## PrepTest 73, Logical Reasoning 1, Question 5

### Transcript

Question five, when a question asks us for the flaw that's in an argument, it's a flaw question. Which means that we have to describe the problem that's in the argument. There's an error somewhere in the logic of what we've been given. But before we can find that error, we have to figure out what the argument says. Which means understanding its conclusion and its evidence.

The conclusion of this argument comes at the end, Lemaitre's theory has to be considered inadequate. The first half of the argument basically is the first piece of evidence. So Lemaitre argues that the universe began with the explosion of a primeval atom, a singular point of infinite gravity in space and time. If you're worried about understanding that, don't be.

We don't have to understand science on the test, we just have to understand logic. So Lemaitre had a theory, and if his theory is correct, our current observations should reveal galaxies accelerating away from one another, and that's what we do see. But the second piece of evidence, there's another theory out there, another theory that says the same thing.

And that's why they say that Lemaitre must be wrong. There is another theory that says the same thing as his theory. Now if that strikes you as not a very good argument, congratulations, it's not a very good argument. On a flaw question, we're going to be given a bad argument. Just because there's another theory out there that says the same thing as this theory, why does that mean the original theory is bad?

The flaw in the argument is, they don't give any reason to explain why, just because there's another theory out there that predicts the same thing, we have to reject the original theory. So that's the flaw we're gonna be looking for in the answer choices. So answer choice A says that the conclusion is derived partly from assertions attributed to a purported expert, but there isn't a purported expert here.

Sure, Lemaitre is an expert, but the argument isn't using an expert to disprove Lemaitre. There's no expert in the evidence, so answer choice A can't be the answer. Answer choice B says that the conclusion is based on a shift in meaning of a key term. There aren't any key terms shifting in meaning here.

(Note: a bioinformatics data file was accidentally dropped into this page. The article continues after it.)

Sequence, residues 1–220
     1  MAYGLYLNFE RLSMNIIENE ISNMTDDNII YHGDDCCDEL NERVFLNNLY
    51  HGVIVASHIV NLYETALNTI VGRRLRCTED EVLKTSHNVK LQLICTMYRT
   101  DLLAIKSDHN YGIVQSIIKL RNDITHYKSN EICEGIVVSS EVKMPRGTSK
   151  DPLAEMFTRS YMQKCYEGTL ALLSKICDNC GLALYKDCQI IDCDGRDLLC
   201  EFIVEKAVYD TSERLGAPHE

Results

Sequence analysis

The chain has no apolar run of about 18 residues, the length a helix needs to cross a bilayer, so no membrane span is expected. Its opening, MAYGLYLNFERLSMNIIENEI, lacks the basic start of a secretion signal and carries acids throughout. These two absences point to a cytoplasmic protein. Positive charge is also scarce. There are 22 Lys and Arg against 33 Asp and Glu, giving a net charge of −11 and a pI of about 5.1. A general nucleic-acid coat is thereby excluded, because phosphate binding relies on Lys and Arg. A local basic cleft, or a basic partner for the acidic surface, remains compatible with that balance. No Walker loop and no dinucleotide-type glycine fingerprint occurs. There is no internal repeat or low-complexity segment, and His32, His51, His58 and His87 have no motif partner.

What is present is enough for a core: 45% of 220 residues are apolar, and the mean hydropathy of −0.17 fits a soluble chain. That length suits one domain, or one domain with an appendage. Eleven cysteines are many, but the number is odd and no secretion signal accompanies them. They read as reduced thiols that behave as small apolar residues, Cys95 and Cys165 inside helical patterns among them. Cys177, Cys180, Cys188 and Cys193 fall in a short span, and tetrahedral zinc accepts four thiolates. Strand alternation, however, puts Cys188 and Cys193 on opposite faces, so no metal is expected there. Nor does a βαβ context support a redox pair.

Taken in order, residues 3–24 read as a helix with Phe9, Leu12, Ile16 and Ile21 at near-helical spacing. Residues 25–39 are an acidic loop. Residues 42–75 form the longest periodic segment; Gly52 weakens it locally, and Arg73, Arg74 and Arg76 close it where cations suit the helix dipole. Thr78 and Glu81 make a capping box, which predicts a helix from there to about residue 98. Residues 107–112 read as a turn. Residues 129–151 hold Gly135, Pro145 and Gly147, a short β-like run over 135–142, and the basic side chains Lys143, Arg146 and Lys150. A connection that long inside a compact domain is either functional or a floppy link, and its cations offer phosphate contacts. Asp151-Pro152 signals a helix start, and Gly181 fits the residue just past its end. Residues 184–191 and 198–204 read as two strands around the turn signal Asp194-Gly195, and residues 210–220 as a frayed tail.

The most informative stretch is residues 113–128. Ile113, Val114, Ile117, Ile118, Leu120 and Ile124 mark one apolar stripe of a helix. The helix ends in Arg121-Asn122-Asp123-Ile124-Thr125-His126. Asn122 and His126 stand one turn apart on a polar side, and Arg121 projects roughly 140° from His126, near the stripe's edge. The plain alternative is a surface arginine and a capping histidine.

There's nothing that the argument uses in one way in one sentence, and then in another way in another, so it can't be answer choice B. Answer choice C talks about causal connections. This argument has nothing to do with causal connections, so it can't be our answer. Answer choice D says that the writer fails to see that one theory is correctly predicting data can't itself constitute evidence against an alternative theory.

And that's what we're looking for, the one theory that correctly predicts observed data is the oscillating universe theory. And just because it correctly predicts the data doesn't mean that the alternative theory or Lemaitre's theory is wrong. So answer choice D describes the error that we saw from the very beginning, it is our answer.

So what's wrong with E? E says that the science writer presumes that there are only two possible explanations. This argument isn't built off an assumption that there are only two possible explanations. Now granted, there are two explanations, but the author doesn't say that those are the only two explanations that could ever exist.

So E is not an error that this argument commits. The answer must be answer choice D.